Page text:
What happens to a scan of a color negative when you change the color temperature and/or the color reproduction of the scanner’s light source, and how can you get the original colors back again?
This is a question I am facing now after replacing the fluorescent tubes in my Imacon Flextight Precision II negative scanner this morning.
Until recently I have used the original light tubes that came with the scanner when I bought it secondhand a few years ago. These tubes still function but I decided to change them as it seemed that the scans I was obtaining from my 4x5 negs reproduced less detail in the shadow areas than I had hoped.
To change the tubes is no big deal as the procedure is outlined in the user’s manual. But of course the exact model of the original light tubes specified in the manual (Osram L8W/12-950 Lumilux de luxe Daylight) are no longer available. So I bought a pair of new model tubes (Osram L8W/954 Lumilux de luxe Daylight) that as you can see have very similar specifications. Much to my delight the new tubes fitted in the scanner and produced an almost identical scan to the old tubes. But the color reproduction was slightly different.
Concerned by the color change (I have about 400 negatives waiting to be scanned), I wrote to Osram support to ask if there was any difference between the two tubes. This morning I received this thought-provoking reply (which I translate from Danish to English):
The color temperature and the color reproduction is not the same.
L 8W/12-950 has color temperature 5000K and color reproduction (farvegengivelse) is approx. 98
L 8W/954 has color temperature 5400K and color reproduction (farvegengivelse) Ra > 90, approx. 92
This means that you will probably need to undertake a big calibration job.
Consequently, I am faced with the following questions that I am unable to answer so would appreciate any insight or suggestions you may be able to offer.
1) What difference can I expect to see in a scan of a negative if the color temperature (in this case of the scanner’s light source) is increased from 5000K to 5400K?
2) Does such a change in the color temperature of the scan impose a limit on the output quality of the color reproduction or does it just mean that I have to work a little more on adjustment of each image ( eg in Photoshop) to make it look right (whatever that means!)
3) What if any significance does a change in color reproduction (farveangivelse) from approx 92 to approx 98 have?
4) Could these differences in color temperature and color reproduction be corrected by running the scans through a raw conversion software like Capture One that enables adjustment of the color temperature. If so how do I convert my TIFF scans into RAW format (Imacon Flextight uses its own proprietry raw format)
5) What could be meant by a “big calibration job”? Does this mean I should try to recalibrate the scanner (sounds challenging) or find a way to use software such as Photoshop or Capture One to “recalibrate” the scans?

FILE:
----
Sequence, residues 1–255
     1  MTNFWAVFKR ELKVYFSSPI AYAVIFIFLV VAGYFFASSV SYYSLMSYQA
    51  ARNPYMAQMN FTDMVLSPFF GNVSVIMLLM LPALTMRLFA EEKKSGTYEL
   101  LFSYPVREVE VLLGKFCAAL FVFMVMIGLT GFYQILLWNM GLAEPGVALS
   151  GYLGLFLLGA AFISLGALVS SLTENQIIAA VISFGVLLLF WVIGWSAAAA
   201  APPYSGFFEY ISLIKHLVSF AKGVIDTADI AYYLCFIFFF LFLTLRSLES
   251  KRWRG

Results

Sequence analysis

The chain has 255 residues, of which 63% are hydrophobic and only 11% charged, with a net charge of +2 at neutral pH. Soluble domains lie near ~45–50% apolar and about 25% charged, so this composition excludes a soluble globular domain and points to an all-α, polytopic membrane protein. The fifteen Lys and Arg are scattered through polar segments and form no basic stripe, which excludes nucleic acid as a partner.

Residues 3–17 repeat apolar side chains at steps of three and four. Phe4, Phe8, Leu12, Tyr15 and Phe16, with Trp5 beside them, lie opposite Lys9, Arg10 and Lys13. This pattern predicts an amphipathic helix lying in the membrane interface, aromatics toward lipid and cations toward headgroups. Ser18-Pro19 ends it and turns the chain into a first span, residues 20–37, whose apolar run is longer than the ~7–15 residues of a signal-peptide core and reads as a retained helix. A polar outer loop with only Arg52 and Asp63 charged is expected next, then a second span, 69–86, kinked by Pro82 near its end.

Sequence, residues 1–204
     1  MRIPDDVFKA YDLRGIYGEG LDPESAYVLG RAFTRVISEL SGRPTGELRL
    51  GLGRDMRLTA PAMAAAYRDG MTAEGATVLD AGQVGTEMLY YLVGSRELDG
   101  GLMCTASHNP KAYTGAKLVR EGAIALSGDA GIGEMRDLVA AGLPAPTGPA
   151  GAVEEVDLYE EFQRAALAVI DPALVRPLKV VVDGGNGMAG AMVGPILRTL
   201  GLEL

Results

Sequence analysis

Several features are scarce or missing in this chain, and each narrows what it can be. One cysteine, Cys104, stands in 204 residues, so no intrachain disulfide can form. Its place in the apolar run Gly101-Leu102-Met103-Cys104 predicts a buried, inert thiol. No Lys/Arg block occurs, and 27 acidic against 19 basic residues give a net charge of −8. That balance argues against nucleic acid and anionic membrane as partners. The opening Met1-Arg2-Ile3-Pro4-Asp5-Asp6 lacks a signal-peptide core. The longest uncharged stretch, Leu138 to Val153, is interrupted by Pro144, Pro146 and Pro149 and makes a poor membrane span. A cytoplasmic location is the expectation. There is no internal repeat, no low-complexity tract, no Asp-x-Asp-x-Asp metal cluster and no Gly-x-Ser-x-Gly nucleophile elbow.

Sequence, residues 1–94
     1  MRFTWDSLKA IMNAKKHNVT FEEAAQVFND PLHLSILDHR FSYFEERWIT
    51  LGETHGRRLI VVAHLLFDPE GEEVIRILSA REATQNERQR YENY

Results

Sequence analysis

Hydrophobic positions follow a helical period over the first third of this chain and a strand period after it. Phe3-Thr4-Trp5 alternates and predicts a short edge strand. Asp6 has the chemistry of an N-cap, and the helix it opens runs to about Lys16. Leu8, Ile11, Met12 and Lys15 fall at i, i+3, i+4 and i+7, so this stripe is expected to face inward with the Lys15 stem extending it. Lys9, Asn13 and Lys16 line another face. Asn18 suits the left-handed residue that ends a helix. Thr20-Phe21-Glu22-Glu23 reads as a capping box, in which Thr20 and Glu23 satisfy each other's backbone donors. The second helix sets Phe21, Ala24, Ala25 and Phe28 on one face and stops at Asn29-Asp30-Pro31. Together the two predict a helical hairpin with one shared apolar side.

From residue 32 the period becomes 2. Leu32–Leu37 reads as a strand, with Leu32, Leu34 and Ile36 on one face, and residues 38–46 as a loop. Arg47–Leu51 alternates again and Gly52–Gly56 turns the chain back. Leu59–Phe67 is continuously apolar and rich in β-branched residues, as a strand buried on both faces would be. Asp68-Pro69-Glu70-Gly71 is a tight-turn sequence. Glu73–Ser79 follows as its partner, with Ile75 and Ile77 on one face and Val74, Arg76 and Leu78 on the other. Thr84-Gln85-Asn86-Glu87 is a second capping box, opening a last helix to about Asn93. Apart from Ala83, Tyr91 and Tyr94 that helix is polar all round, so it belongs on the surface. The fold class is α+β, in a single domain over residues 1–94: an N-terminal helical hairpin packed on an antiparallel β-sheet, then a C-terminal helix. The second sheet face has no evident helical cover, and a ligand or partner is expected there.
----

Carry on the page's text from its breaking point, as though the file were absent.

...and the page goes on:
6) If you were me and had time to fool around with calibration - but not money to buy a new scanner. What would you do?
Hope this is not too many questions!
Hope you are well into some successful scanning by now.
I also use a Flextight II and have a couple of thoughts on your dilemma having just had the tubes out of mine.
I bought the scanner new a good few years ago and have never had need to change the tubes. Two years after it's purchase I took the digital route for my commercial work and have only used it for scanning personal projects since. I have never scanned reflective originals (as it's such a pain with this model) so the top tube has never been used. They are the same model, they degrade with use as opposed to age, so earlier today a simply swapped them over (after a wipe down with some Isopropanol). This should extend the scanners life for a good few years with no expense or stress.
With regard to your colour change, I usually scan transparency where I take a grey (ish) reading and then adjust to taste. On the few occasions I've had need to scan colour negs I've found the canned 'profiles' able to only get me on the playing field, I always make adjustments in the 'Colour correction panel' and then save them for further use via "File, Setup, New". They then appear in your Setup list to repeat on the same neg type - no need to correct every image individually.
I believe that the scanner does take a 'white balance' before every scan (it is done through that cut-out you see above every frame aperture in your film holders). So the colour shift you're experiencing must be a mismatch between the spiky spectrum of light from your new tubes and the profile Imacon made for your neg type. Again, do colour correction and save a preset.
Though I've read comments to the contrary on this thread, it is my understanding that as much correction as possible should be done in Flexcolor at the scanning end as opposed to Photoshop. This is a high end scanner which cost £9000 back in 2002 (the latest version about the same now), the software is very sophisticated and designed for reprographics and commercial photography. Making changers to the preview image is a little like adjusting the Raw file before outputting a Tif. You can in fact scan to "3F" which is raw data, then do your adjustments later (but the files are huge).
Hope you've sorted things out in the meantime.